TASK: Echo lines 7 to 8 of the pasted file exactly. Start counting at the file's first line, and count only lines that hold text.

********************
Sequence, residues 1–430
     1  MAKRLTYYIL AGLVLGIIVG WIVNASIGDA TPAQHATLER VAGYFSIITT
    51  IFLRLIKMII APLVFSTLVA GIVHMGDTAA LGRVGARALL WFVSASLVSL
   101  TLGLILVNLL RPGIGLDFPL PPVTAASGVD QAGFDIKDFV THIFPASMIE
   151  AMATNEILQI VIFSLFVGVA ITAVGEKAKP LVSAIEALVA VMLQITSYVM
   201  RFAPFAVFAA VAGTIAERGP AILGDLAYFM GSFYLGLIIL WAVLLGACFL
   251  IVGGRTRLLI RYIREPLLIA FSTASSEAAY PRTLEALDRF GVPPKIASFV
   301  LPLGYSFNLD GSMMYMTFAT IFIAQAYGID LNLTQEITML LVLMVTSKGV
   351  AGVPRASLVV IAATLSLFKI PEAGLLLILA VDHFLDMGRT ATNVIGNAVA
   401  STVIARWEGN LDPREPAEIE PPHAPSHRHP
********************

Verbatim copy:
   251  IVGGRTRLLI RYIREPLLIA FSTASSEAAY PRTLEALDRF GVPPKIASFV
   301  LPLGYSFNLD GSMMYMTFAT IFIAQAYGID LNLTQEITML LVLMVTSKGV